…back to Part 1 – Building the Foundation
Defining Moment: Growing up
As his squad attacked Fort Jeanne D’Arc, a German fort outside the city of Metz, Marvin was shot through both legs from about 40 or 50 feet. Marvin’s injuries were severe—the bullets had passed through both legs and the bone from his right leg was sticking out of his uniform. Though he was in shock at what had happened, Marvin had the presence of mind to sprinkle sulfanilamide powder on his wounds. “I was left out in the field for three or four hours,” he recalls, “and I guess my legs were saved by that sulfa.”
Marvin spent then next 15 months in hospitals, where he endured seven operations, including one to take bone from his hip to replace the three inches of bone that had been shot away from his right leg.
Many people would let the pain of a war injury get the better of them, or simply accept that they’d now have to live with physical limitations. That wasn’t the case for Marvin, he left for the war as an active teenager and he had no intention of slowing down.
So he returned home and went back to Harvard with his leg in a brace, using crutches and without any mobility in his right knee. By then his right leg was an inch and a half shorter than his left and every day for almost a year, Marvin went to the Harvard Department of Physical Therapy and did exercises to get motion back in his leg. “I first had to discard the crutches, then the cane and the brace and then learn how to walk again without a limp with a built-up shoe. Through discipline and with the dedication of the Harvard people, I did it!
“This is one of life’s lessons. It was certainly a seminal moment in my life and I gave a great deal of thought to my life at that point. I think the whole experience helped me grow up.”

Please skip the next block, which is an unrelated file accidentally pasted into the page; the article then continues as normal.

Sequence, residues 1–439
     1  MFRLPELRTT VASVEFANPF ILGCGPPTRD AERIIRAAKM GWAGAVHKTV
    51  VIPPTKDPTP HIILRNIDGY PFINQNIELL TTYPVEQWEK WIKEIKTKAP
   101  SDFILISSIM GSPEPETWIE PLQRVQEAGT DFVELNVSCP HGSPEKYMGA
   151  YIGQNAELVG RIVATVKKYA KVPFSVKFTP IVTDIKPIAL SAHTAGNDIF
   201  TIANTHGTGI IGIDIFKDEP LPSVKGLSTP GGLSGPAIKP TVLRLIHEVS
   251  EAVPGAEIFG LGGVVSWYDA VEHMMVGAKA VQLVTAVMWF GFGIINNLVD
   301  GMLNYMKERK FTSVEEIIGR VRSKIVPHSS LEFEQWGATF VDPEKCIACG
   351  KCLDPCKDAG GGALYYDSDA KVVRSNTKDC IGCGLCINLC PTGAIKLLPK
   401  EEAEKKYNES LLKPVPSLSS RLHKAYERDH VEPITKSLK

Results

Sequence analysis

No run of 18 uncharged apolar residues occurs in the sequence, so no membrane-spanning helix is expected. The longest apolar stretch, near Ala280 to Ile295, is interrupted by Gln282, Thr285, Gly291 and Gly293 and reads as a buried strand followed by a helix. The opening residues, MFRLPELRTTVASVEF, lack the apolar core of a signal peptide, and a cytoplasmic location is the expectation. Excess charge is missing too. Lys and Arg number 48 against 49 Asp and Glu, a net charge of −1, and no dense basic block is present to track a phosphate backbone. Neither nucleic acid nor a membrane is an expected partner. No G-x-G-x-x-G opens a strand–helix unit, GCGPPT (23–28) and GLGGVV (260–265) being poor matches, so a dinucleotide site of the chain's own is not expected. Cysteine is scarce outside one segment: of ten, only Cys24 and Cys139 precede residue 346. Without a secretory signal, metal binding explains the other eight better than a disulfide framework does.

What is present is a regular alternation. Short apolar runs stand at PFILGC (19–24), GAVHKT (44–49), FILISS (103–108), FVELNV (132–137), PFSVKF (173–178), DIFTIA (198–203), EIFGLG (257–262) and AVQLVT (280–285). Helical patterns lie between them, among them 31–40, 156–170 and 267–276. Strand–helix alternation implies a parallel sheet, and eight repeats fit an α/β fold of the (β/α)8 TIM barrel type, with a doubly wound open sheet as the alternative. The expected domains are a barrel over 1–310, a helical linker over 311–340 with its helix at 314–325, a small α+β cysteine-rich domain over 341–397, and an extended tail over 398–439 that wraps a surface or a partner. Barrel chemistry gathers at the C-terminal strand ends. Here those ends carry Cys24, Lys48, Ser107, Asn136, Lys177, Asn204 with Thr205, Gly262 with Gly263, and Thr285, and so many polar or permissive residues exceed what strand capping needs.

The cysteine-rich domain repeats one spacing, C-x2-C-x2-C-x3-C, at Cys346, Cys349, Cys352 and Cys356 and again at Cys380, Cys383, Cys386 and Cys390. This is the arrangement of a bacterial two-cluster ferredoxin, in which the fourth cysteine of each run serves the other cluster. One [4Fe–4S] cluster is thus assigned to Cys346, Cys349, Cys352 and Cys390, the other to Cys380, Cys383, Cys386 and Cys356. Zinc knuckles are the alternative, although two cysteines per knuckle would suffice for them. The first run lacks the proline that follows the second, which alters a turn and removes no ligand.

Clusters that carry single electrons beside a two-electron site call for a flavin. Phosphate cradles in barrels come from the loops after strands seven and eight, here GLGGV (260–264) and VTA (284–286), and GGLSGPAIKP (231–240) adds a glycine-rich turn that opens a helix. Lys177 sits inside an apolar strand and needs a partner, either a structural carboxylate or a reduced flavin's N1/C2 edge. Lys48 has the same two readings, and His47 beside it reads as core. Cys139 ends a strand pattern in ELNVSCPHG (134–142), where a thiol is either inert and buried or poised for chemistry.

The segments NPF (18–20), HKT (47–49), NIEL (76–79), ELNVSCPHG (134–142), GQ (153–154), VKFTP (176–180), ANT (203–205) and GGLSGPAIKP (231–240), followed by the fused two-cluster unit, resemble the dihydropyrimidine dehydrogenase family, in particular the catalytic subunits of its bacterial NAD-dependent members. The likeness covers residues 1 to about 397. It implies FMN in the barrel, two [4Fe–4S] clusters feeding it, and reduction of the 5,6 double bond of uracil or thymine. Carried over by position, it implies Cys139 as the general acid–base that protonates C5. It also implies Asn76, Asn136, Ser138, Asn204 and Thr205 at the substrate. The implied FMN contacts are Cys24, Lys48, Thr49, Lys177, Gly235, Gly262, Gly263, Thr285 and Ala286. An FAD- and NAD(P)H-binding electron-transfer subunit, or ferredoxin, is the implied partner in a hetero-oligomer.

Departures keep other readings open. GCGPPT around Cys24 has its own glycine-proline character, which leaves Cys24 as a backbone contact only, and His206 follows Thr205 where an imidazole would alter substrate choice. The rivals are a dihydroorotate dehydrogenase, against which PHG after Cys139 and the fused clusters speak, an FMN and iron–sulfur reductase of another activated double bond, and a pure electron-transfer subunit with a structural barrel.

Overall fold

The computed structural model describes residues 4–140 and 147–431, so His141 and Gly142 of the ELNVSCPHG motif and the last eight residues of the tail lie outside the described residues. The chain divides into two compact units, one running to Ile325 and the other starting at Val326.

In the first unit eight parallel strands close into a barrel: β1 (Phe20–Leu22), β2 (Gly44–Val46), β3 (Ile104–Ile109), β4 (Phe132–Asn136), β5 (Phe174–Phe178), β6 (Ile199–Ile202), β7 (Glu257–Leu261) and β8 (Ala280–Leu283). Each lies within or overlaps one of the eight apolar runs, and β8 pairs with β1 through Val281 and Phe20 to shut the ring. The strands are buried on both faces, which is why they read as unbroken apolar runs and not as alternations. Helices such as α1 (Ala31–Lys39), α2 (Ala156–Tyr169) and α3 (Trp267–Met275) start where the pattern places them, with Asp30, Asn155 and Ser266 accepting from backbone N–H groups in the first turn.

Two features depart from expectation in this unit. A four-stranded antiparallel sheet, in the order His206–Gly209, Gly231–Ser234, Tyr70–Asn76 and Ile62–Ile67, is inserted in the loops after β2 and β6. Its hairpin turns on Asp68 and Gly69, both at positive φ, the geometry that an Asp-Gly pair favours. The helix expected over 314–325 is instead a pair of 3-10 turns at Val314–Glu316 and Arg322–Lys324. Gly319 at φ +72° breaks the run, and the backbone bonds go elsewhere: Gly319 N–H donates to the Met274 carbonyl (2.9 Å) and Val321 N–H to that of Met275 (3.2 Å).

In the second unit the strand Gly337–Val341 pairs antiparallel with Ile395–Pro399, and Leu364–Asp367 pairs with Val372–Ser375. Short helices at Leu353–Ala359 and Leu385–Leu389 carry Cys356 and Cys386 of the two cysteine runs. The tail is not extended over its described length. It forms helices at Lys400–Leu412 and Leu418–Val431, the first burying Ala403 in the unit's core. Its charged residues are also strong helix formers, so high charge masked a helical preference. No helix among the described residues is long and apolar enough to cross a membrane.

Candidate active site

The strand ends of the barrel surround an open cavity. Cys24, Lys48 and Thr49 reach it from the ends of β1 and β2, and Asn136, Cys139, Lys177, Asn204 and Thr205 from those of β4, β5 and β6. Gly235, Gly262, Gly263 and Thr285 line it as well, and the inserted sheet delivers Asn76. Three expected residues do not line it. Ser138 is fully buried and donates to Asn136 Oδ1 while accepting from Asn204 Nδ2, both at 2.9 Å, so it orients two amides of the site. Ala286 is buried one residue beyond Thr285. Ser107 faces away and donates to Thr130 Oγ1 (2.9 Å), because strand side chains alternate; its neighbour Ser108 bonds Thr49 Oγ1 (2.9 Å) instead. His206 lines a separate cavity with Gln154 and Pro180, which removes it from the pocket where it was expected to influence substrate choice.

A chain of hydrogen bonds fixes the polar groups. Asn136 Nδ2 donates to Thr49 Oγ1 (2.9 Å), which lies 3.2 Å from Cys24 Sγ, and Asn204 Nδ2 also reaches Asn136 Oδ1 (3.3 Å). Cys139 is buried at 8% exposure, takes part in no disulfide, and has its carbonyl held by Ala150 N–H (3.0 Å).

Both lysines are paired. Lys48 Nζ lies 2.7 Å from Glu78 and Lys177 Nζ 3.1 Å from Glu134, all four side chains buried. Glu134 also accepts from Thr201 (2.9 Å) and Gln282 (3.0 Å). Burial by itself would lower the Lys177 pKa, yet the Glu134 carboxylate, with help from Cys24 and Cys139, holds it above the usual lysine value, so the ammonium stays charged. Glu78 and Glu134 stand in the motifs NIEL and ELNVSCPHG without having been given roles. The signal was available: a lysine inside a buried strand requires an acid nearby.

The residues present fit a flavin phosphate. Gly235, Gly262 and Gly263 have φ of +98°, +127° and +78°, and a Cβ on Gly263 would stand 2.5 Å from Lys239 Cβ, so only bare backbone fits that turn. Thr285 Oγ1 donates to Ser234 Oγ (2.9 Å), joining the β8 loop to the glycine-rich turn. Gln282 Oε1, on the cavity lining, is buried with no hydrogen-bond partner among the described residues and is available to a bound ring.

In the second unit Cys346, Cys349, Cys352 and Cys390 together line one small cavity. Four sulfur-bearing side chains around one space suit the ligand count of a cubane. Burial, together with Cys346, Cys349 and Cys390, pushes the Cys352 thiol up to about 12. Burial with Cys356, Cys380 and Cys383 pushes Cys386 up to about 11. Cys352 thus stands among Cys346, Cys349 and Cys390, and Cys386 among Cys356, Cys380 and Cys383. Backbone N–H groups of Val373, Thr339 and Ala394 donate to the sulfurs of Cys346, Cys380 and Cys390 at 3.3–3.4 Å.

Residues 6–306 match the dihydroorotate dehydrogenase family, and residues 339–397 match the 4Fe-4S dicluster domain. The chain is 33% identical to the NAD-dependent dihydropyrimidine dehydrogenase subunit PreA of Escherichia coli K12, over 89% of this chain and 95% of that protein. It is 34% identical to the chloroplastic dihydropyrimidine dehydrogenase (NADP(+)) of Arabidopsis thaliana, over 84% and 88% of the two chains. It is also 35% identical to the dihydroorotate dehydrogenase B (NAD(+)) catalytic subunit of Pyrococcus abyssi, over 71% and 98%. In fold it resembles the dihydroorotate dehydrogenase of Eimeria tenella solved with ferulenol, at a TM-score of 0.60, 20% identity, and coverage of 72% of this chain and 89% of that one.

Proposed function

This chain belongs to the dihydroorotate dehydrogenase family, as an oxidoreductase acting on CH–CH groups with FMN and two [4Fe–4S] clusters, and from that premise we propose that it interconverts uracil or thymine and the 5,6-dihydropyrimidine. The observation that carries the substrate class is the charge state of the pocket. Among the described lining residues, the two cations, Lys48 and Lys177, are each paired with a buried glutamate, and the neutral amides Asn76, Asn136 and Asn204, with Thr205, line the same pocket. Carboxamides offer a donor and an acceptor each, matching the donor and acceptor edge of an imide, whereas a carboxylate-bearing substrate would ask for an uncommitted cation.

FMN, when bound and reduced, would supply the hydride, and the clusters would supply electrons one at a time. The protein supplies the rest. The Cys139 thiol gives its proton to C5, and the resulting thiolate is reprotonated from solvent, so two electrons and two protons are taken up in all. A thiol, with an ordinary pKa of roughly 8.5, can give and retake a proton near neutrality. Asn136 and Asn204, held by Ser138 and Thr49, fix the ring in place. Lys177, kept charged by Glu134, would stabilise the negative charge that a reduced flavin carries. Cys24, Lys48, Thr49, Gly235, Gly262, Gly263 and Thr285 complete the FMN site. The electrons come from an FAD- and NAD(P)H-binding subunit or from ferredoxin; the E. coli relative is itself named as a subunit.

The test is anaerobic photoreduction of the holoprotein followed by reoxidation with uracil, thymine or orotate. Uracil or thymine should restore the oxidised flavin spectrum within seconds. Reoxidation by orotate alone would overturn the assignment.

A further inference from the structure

Love & Life at Harvard
Marvin’s return to Harvard College was a very busy time. Apart from his daily physical therapy appointments, he was the Business Manager at the Harvard Crimson, where he had a full-time secretary and made the largest profit the newspaper had made up to that point. Marvin did his thesis in the Government Department on non-scheduled commercial air operations, which required him to travel to Washington and visit airports across the country. In spite of the busy schedule, Marvin graduated Magna Cum Laude in two and a half years.
“Yes, I had a very busy schedule but I was blessed with the enormous amount of energy my mother had. And I always like to have more things to do than you could possibly get done in one day. It’s part of what makes me who I am.”
Another important factor in the making of Marvin Traub is a woman named Lee Laufer. Lee and Marvin met through a mutual friend in the fall of 1946, when Lee was a senior at Smith College. Their love grew quickly and about a year later, Marvin proposed. They got married between Marvin’s first and second years at Harvard Business School. As Marvin completed his degree, Lee worked to pay his way through. “She has always been an enormous supporter of my career and a very wonderful partner. We’ve been married for 56 years. She’s an important ingredient in my success and a very important factor in making me, me!”
Marvin graduated with Distinction from Harvard Business School in 1949, part of the now famous 49ers—a graduating class that produced a huge number of future Chairmen and CEO’s, including James E. Burke of Johnson & Johnson, C. Peter McColough of Xerox, Thomas S. Murphy of Capital Cities/ABC, William J. Ruane of the Sequoia Fund, and John Shad of Wall Street and the SEC, Bill Hanley of Elizabeth Arden and Al Kronick of A&S, to name a few.
Continue to Part 3 – A legenday retail career begins